Thursday, June 7, 2012

You too can write theology and get rich

I am nothing if not generous. Also I am unable to keep a secret where money is concerned. So here, with some unexpected blogging time because my flight to Wellington is cancelled due to the weather (snowed yesterday, ice on the runway today), is my generous revelation of a secret way to write theological books and make money. My own personal experience of writing theological books and articles, till now, has been singularly unenriching in the monetary sense. But no longer. The secret I wish to share with you is this:

Stop writing Protestant theology. It is not a money spinner.*

Start writing Roman Catholic theology. But with a twist. Include a few things which are not Roman Catholic theology (here is where starting out as a Protestant, especially a liberal Protestant, offers some advantages).

Then be patient. This is the secret which many post-modernists find hard to take, but it is essential. Success is not guaranteed in under six years. Be patient. Wait.

What for?

For the Vatican to find you out.

Then pray. Pray that you will be publicly dressed down, even banned. Yes, banning is good for aspiring theologians seeking some cash.

Finally, keep an eye on your Amazon sales. Expect your sales rankings to increase dramatically, say, from 142,982th least seller to 16th best seller.

Ring your bank manager.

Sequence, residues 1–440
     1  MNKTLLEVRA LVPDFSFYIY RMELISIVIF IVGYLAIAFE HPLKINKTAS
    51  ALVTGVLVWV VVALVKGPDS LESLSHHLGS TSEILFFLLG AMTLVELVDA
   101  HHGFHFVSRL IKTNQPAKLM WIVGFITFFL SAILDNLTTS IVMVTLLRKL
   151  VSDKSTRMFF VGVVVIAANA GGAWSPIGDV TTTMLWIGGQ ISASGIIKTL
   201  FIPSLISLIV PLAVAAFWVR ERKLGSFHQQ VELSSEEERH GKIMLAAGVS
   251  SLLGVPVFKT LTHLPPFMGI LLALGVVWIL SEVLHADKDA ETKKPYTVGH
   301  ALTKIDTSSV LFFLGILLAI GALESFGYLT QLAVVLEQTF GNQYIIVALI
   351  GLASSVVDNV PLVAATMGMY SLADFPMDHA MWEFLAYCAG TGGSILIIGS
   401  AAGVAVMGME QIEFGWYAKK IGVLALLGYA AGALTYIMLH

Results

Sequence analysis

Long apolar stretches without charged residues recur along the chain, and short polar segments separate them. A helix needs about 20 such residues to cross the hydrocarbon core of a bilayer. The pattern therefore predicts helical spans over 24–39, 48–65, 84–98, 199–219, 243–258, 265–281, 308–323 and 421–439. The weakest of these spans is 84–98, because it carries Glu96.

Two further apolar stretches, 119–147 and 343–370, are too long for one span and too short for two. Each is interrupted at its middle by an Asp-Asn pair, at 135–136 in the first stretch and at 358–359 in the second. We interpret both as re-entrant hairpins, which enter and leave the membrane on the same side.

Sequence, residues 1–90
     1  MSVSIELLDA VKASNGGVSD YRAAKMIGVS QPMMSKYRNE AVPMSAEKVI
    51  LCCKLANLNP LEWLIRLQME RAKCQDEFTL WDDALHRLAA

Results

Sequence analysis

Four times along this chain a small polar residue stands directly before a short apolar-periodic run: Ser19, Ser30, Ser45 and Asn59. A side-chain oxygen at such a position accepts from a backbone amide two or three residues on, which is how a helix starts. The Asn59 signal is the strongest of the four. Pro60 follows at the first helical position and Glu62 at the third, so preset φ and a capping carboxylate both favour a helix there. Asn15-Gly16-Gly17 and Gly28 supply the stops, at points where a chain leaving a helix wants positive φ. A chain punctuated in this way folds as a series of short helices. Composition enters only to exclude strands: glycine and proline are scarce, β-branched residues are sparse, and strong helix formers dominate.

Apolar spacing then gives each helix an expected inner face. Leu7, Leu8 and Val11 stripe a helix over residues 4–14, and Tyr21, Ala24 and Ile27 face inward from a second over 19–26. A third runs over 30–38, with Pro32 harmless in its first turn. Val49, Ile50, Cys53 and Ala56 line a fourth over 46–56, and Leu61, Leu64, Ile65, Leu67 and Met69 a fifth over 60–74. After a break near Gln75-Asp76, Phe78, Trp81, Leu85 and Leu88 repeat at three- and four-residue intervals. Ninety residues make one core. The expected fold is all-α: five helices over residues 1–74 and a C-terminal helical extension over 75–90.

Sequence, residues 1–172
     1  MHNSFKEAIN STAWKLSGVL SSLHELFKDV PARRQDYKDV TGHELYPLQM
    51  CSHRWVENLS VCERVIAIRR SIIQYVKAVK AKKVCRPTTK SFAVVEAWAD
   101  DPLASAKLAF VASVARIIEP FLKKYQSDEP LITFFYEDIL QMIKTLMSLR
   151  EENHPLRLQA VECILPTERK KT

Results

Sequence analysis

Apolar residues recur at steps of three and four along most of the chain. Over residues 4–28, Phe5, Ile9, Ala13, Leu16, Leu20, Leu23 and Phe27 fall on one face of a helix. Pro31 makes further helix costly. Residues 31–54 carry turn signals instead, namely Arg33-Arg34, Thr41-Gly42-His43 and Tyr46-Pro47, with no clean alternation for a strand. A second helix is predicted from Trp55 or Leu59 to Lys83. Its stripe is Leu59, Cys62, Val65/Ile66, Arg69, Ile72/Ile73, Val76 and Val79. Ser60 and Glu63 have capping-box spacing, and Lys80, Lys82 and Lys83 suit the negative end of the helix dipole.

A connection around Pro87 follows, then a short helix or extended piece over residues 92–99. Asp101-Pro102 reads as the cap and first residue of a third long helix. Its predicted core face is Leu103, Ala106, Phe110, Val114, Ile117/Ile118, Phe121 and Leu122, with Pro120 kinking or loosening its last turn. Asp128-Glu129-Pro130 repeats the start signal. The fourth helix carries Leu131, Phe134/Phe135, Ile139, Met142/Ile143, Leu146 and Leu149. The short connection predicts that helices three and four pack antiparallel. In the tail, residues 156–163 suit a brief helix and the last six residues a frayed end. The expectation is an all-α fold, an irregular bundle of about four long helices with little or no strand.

This secret is given away freely. But if you care to share your new found riches with me, I can supply my bank details. It's the Lagos branch ...


*That, unfortunately, is an unintended consequence of having no Protestant magisterium.


Father Ron Smith said...

A wee bit scurrilous here, Peter. I'm surprised you do not give any credence to the forward-looking ideas of this (academically) well-respected Roman Catholic theologian. I had thought you to be a little less prejudiced than that.

However, I do concede that some of the Protestant theologians, like their R.C. counterparts, have an endemic dislike for any developed theology which questions the antedeluvian understanding of sex - as being for procreation only, and preferably only undertaken at the instigation of the male species.

There are shibboleths about women and about human sexuality that need to be scuttled by present day Christians - to be more in keeping with other theological developments like enlightened attitudes towards slaves, 'children of Ham', and women generally, that need to be embraced for the good of all.

Patriarchalism and Sexism are dead ducks for most thinking people and rightly so, IMHO.

Peter Carrell said...

Er, Ron, I am commending this academic women to all readers as a model to aspire to and a sign of hope for all ambitious theological writers. How much more credence can I give her?

Anonymous said...

I am reminded of a comment by the late Austin Farrar "he who writes about theolgy makes enemies;he who writes about spirituality makes money"

Perry Butler